McDonaldizing Croatia

Formerly a part of Yugoslavia, Croatia has a complex heritage dating back to the seventh century. Because of its diversity, traditional Croatian gastronomy is referred to as “the cuisine of regions.” From the Austro-Hungarian influence of intensive meat consumption in the north, to the Mediterranean-inspired coastal cuisine of the south, culinary traditions differ significantly across the country’s cobblestone streets and pebbled beaches. A typical meal in the north consists of mixed meat and fried potatoes, whereas in the south, seafood risotto is more frequently on the dinner table.

Today, globalizing processes are challenging Croatian food culture—in sociologist George Ritzer’s terms, “McDonaldization,” a process aiming to increase efficiency, calculability, predictability, and control. The end of communism in the early 1990s left a vast and open land of opportunity for McDonald’s and other corporations to take over and rationalize Eastern European eating. The uniformity of fast food and its predictable dining experience are among the reasons why Croats are consuming such food in increasing quantities.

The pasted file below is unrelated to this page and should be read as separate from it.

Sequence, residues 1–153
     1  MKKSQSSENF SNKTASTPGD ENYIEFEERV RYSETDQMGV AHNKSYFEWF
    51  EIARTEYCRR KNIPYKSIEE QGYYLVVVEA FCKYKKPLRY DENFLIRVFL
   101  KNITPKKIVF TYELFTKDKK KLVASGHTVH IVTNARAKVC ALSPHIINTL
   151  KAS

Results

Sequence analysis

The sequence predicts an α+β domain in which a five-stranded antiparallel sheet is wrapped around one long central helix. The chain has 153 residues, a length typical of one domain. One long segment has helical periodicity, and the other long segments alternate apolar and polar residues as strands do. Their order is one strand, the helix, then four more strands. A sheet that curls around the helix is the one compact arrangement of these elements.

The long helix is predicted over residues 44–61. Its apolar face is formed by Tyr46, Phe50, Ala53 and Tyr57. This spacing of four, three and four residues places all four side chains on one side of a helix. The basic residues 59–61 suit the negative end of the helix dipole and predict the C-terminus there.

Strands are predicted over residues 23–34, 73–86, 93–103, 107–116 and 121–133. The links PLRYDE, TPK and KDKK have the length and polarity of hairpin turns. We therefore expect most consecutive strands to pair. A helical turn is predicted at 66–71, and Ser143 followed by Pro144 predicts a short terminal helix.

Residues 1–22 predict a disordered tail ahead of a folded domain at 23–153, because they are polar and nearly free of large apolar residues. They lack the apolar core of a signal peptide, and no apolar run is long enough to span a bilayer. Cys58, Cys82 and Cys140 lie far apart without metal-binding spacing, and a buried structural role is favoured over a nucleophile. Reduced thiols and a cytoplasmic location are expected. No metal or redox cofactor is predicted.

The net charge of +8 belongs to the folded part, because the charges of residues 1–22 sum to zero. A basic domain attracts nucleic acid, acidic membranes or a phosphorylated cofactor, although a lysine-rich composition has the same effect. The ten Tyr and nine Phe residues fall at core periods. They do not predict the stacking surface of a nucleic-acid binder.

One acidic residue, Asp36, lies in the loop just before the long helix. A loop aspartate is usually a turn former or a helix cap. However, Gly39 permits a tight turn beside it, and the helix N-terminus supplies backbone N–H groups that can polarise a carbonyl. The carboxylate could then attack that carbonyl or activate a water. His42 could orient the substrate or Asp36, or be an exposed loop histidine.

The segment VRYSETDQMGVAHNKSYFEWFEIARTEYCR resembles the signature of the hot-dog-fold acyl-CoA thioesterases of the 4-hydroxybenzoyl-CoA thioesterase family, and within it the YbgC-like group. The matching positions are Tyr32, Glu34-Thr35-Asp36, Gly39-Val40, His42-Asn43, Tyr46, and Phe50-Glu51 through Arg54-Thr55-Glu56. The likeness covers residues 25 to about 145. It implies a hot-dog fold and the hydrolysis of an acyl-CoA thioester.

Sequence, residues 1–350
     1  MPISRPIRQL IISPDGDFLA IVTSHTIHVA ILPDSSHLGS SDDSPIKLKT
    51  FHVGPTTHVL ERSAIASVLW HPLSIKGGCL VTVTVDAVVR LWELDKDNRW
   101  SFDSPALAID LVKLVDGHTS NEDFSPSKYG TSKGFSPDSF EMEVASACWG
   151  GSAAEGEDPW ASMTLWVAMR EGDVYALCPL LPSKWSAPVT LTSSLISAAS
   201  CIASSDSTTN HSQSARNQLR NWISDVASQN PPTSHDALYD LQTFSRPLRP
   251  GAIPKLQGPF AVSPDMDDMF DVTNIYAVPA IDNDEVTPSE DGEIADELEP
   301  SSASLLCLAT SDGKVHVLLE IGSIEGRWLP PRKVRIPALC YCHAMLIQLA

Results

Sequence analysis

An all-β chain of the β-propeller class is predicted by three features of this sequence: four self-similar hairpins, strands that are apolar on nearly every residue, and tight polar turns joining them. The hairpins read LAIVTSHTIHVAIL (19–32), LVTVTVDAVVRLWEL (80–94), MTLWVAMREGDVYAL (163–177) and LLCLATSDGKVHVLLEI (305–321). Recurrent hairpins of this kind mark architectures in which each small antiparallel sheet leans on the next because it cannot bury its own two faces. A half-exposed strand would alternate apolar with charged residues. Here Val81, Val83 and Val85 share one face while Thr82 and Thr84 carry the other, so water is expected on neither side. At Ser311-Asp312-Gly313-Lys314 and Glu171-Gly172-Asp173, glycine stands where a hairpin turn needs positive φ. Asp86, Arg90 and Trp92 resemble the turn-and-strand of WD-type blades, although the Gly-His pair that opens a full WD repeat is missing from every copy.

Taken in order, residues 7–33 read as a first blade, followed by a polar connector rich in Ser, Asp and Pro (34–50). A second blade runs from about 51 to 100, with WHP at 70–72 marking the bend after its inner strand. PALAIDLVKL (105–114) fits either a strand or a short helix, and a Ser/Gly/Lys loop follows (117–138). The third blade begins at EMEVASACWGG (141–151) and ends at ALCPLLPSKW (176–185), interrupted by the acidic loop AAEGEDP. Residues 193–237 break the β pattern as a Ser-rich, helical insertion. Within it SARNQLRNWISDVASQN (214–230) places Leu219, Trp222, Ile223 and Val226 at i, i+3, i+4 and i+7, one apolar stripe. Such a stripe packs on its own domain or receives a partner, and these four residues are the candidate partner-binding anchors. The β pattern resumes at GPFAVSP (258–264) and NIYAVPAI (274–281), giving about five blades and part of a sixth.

While eating at McDonald’s is rather expensive by Croatian standards, particularly when comparing gross domestic product per capita—$47,200 in the United States versus $17,400 in Croatia—more and more Croats are choosing Americanized foods and dining experiences. Not only is this changing Croats’ taste buds and cultural patterns—American fast food restaurants are facilitating new spaces for socialization, particularly for women and children—it is also altering agricultural and farming systems.

Croatian supermarkets are also McDonaldizing. Until the second-half of the 1990s, Croatia’s retail sector was dominated by socially-owned chains. In the 2000s, foreign direct investment transformed the market and the share of supermarkets in food retail increased from around 25 percent at the end of 2000 to 51 percent two years later.

During socialism, a wealth of natural resources and well-developed manufacturing and service sectors enabled the Croatian government to satisfy food demand. Today, small, family-owned farms are experiencing diminished returns on investment, due in part to Croatia’s entry into the European Union and the enactment of Common Agricultural Policy.

Deep-rooted taste preferences for traditional foods such as pljeskavica (a ground meat patty) are weakening; Western-style fast food restaurants are contributing to Croats’ globalizing palates. According to the Croatia Food and Drink Report of 2013, Croats are also snacking more frequently, and the sale of canned and frozen food items is on the rise. Croatian meals, in contrast, are traditionally prepared with fresh ingredients.

This rapid transformation of food, culture, and economics will lead, some critics predict, to a massive national stomachache.